CB: Yes, absolutely. With Aspen Santa Fe, I was given full liberty when creating my work. The only constraint was that it was to be a 20-minute piece. A lot of the time with commercial pieces, constraints can come from directors and producers. When it comes to mass productions, it’s really a team effort. To be given the freedom, and the time with Aspen Santa Fe is a real privilege. When it comes to commercial pieces, sometimes you even get just one day to work on a piece- that’s what I was given with Katie Perry’s show.

SD: We saw in your interview posted by CSUN that your husband, Jeremy Jurin did sound design for the work that’s premiering on March 3.  How was it working with your husband on the project?  Was it challenging or rewarding?  Do you work on many projects together?

CB: We work on some projects together. He is extremely talented and creative. I usually find a way to involve him. I’m obsessed with story and he is a filmmaker. If we are filming a dance, he has a great eye for it. When I first went to Santa Fe in October, I went by myself but when we were halfway there with the show, In January, I brought the family with me and Jeremy could see my work with the dancers. It was extremely rewarding working with him.

The sound design not only has my husband’s and my voice on it, but it also incorporates the voices of our daughters (age 2 and 4) at various points. My friends and extended family are also part of it. Two pieces are original compositions. One of my really good friends, Diana Kazakova, composed a section representing faith, blending Gregorian chants with Indian and Buddhist meditation. My brother in Law, Michael Durant also composed a piece and he is a rock musician.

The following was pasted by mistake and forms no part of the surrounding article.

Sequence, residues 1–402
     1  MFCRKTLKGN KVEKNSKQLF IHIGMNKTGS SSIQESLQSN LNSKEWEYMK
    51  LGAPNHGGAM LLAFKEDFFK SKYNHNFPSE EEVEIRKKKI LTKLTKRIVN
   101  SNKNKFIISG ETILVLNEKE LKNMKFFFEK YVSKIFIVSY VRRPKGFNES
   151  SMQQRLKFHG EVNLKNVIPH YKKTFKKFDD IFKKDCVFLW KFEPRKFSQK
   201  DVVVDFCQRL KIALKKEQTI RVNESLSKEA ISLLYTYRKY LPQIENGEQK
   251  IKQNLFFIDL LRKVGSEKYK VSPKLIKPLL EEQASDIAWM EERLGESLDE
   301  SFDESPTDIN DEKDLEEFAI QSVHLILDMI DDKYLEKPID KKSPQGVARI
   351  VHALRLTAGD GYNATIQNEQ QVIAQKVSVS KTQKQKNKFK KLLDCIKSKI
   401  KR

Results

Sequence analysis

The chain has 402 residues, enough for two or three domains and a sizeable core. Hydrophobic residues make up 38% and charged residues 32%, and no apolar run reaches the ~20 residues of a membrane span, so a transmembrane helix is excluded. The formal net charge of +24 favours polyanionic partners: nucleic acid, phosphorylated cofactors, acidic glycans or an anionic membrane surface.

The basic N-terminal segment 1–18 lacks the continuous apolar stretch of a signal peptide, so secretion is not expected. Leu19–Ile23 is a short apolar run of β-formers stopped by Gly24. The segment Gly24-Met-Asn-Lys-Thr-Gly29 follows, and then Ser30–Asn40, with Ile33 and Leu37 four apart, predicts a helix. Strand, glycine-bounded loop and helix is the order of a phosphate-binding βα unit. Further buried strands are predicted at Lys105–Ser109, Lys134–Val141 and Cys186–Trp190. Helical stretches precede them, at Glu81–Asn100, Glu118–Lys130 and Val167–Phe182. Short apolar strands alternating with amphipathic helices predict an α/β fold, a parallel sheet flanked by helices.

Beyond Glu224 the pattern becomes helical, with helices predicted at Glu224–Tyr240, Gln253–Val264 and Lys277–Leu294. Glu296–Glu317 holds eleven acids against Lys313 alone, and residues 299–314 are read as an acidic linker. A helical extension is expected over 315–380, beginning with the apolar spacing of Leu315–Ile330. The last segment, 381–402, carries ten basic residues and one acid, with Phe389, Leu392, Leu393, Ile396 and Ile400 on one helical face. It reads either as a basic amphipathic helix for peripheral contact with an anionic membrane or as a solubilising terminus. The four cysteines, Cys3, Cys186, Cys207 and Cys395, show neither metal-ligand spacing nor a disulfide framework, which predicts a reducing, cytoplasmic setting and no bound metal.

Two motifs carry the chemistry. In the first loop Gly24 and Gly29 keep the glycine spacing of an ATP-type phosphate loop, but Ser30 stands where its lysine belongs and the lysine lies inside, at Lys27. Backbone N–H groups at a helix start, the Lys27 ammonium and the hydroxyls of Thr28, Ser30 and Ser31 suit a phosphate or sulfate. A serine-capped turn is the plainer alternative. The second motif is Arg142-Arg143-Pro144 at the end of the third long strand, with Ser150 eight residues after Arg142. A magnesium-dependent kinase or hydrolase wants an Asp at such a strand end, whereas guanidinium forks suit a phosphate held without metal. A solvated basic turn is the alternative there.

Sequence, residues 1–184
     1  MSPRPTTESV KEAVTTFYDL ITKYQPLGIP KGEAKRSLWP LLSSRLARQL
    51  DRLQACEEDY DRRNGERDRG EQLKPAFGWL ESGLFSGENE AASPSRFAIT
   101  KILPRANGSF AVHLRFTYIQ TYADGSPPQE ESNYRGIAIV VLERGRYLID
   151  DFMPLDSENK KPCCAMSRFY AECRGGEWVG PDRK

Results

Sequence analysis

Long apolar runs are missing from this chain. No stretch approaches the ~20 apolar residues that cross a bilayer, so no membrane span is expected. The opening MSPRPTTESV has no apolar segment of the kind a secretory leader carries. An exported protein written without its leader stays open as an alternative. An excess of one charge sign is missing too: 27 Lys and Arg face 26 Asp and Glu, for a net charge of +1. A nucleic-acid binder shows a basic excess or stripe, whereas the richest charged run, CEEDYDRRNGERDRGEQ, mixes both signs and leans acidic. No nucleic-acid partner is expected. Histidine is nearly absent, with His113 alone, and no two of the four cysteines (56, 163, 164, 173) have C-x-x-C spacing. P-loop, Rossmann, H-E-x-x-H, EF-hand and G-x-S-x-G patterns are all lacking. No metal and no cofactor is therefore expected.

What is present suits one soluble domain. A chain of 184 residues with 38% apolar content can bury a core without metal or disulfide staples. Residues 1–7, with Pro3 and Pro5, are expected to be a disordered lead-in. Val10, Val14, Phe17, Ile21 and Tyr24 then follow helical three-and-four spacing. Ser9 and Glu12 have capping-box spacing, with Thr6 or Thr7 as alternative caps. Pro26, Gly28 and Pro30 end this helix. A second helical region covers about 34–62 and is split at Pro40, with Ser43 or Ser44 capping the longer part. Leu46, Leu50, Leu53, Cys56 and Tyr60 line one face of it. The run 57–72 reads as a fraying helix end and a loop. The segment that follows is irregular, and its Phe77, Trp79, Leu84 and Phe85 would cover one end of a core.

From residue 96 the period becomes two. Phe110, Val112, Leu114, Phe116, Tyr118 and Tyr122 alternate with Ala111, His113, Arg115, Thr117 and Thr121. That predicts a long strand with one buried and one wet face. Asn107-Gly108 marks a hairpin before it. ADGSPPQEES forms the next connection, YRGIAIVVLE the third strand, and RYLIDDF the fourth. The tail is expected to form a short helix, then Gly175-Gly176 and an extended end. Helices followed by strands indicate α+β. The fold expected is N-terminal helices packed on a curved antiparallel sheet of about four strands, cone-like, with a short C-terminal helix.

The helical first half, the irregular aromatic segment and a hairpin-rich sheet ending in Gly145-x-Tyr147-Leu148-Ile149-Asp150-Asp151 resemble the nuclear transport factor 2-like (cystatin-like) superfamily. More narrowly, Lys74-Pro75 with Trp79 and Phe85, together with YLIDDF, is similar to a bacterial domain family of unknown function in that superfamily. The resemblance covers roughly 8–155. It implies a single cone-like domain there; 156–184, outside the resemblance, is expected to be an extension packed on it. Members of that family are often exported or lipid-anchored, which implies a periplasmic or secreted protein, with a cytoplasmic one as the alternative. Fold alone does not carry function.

SD: Where do you draw your inspiration from?

CB: My inspiration usually comes from music. With new creations, I have a bunch of different songs I like to listen to. I usually start with those. In preparation for Eudaemonia, I listened to Jimmy Durante “Smile When Your Hear is Aching” and “ Make Someone Happy.” Those songs really stuck with me, not only because of the way they made me feel, but I felt I was tapping into important emotions. I have two kids, a fabulous career and a few years ago we moved back to LA from New York. It was a time for me to look deeper. Where I’m at right now in my life, it really makes sense that my piece would be about happiness and the universal search for happiness. There are infinite layers to this idea of our search for happiness. As humans we keep ourselves busy and it’s easy to beat ourselves up about things and blame situations or people for our lack of happiness and say, “as soon as I get this job, I will be happy” or “as soon as I move to LA and the sun is shining everyday, I will be happy.” My sister Charissa, who I am starting the company with is both intelligent and spiritual. She inspired me to seek for happiness within and not from external sources.